"The Christmas hope for peace and good will toward all men can no longer be dismissed as a kind of pious dream of some utopian. If we don't have good will toward men in this world, we will destroy ourselves by the misuse of our own instruments and our own power. Wisdom born of experience should tell us that war is obsolete. We must either learn to live together as brothers or we are going to perish together as fools."
-- Reverend Martin Luther King, Jr., Christmas Eve sermon, 1967
As a child, my Christmas wish list came right out of the Sears and Roebuck catalog -- toys, board games, bikes, action figures, etc. My parents, like so many in their day, belonged to the working-class poor, so while I never lacked for the necessities of life, many of the items on my wish list never came to be. Even so, I was no worse off for it.
I wish the same could be said of those still unfulfilled items on my adult Christmas wish list. Each year, I wish for the same things -- an end to war, poverty, hunger, violence and disease -- and each year, I find the world relatively unchanged. Millions continue to die every year, casualties of a world that places greater value on war machines and profit margins than human life.
I've seen enough of the world in my 65 years to know that wishing is not enough. We need to be doing. It's not possible to solve all of the world's problems right away. For most people, putting an end to world hunger, poverty and disease may seem too insurmountable a task to even tackle. But there are practical steps each of us can take to hopefully get things moving in the right direction. Here's what I would suggest for a start:
Tone down the partisan rhetoric, the "us" vs. "them" mentality. Politicians frequently perpetuate a "good" versus "evil," "us" versus "them" rhetoric which pits citizen against citizen and allows the politicians to advance their personal, political agendas. Instead of wasting time and resources on political infighting, which gets us nowhere, it's time Americans learned to work together to solve the problems before us. The best place to start is in your own communities, neighbor to neighbor. After all, at the end of the day, it makes no difference what politician you voted for -- Republican, Democrat or otherwise -- politics will never be the answer. Politicians have mastered the art of creating dissension, but they're all the same. Grassroots activism is the only kind of change you can count on.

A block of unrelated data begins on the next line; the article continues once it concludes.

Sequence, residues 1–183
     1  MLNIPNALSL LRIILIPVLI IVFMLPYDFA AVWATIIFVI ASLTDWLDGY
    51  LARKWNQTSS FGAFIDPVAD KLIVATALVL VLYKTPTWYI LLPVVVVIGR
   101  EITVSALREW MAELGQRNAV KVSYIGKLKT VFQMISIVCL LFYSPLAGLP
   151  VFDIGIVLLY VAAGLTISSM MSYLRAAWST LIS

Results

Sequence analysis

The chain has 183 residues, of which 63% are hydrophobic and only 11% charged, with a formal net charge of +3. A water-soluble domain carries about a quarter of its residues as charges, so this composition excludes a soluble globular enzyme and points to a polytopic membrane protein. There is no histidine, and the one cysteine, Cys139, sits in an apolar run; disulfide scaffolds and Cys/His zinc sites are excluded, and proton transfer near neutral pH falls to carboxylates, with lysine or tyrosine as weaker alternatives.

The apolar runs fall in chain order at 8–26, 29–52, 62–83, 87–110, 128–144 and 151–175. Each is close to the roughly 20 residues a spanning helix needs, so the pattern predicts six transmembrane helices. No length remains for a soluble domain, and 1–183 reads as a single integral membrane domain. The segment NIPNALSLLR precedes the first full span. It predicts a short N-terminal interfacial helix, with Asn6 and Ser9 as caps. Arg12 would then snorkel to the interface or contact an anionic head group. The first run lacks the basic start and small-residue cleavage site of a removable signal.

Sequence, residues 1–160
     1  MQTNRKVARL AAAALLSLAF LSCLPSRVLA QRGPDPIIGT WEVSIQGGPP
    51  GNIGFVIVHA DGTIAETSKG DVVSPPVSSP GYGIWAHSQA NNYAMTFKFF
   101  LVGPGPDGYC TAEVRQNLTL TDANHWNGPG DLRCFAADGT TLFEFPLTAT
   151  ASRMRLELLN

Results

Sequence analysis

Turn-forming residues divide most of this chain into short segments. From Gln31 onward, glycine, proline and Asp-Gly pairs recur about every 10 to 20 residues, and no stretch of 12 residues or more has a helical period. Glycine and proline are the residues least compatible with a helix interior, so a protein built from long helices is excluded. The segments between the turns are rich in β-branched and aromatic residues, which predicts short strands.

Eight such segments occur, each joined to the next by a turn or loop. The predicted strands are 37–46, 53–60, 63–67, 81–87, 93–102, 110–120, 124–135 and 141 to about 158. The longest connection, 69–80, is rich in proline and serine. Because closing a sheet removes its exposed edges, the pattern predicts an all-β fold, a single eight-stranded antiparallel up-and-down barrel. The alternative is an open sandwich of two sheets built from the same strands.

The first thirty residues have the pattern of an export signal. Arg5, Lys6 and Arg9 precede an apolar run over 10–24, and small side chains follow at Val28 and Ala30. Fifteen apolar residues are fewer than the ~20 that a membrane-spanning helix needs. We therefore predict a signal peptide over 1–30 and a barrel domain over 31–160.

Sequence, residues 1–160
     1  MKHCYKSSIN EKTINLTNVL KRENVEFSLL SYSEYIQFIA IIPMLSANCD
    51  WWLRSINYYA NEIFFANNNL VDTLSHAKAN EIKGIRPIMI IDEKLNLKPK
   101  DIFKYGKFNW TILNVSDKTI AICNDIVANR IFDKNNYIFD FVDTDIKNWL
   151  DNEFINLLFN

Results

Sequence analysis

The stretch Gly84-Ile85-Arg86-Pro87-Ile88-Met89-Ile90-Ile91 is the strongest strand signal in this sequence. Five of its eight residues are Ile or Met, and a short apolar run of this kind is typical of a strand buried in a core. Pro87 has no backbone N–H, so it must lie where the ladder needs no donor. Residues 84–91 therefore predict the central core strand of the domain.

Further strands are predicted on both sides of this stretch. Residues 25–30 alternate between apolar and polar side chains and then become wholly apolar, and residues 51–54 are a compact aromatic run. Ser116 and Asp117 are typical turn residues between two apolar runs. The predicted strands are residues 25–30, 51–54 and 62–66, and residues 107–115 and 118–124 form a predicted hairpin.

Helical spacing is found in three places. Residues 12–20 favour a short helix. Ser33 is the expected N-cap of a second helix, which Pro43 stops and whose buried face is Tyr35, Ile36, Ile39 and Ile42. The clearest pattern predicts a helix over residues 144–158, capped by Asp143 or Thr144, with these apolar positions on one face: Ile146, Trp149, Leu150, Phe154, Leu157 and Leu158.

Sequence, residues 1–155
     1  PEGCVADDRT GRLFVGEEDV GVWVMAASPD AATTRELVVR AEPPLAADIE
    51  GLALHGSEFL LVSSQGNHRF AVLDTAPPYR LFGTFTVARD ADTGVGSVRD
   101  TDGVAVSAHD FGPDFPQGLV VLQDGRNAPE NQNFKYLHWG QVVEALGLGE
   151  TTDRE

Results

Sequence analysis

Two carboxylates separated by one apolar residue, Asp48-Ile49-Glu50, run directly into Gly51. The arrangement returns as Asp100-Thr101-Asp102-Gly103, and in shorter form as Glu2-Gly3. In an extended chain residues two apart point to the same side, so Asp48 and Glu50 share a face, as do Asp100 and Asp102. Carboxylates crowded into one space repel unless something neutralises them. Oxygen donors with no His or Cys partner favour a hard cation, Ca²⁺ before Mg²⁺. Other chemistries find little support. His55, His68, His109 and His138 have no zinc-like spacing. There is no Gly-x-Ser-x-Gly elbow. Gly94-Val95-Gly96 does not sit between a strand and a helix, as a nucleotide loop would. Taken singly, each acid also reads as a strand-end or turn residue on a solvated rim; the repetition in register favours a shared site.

Turn off the TV and tune into what's happening in your family, in your community and your world. Read your local newspaper. Attend a school board or city council meeting. Get involved with a nonprofit that works in your community. Whatever you do, reduce your intake of mindless television and entertainment news. The only reality programming worth taking notice of is the one playing in your home and community.
Show compassion to those in need, be kind to those around you, forgive those who have wronged you, and teach your children to do the same. Increasingly, people seem to be forgetting their p's and q's -- basic manners that were drilled into older generations. I'm talking about simple things like holding a door open for someone, helping someone stranded on the side of the road, and saying "please" and "thank you" to those who do you a service -- whether it be to the teenager bagging your groceries or the family member who just passed the potatoes. As author Robert Heinlein observed, "A dying culture invariably exhibits personal rudeness. Bad manners. Lack of consideration for others in minor matters. A loss of politeness, of gentle manners, is more significant than is a riot... "
Talk less, listen more. Take less, and give more. If people spent less time dwelling on and attending to their own needs and more time trying to help and understand those around them, many of the problems we currently face could be eliminated.
Stop acting entitled and start being empowered. We have moved into the Age of Entitlement, where more and more people feel entitled to certain benefits without having to work for them. There's nothing wrong with helping those less fortunate, but as my parents taught me, there's a lot to be said for an honest day's work.
Remember that all people are endowed with inalienable rights. I've heard a lot of chatter in recent years in favor of torturing detainees and denying basic rights to non-citizens, but doing so not only goes against everything that the U.S. is supposed to stand for, but it also goes against every principle common to all world religions -- forgiveness, charity, nonjudgmentalism, nonviolence, etc. America cannot continue to lambast terrorist groups for their contempt for human life and dignity when our own nation violates these same principles time and again.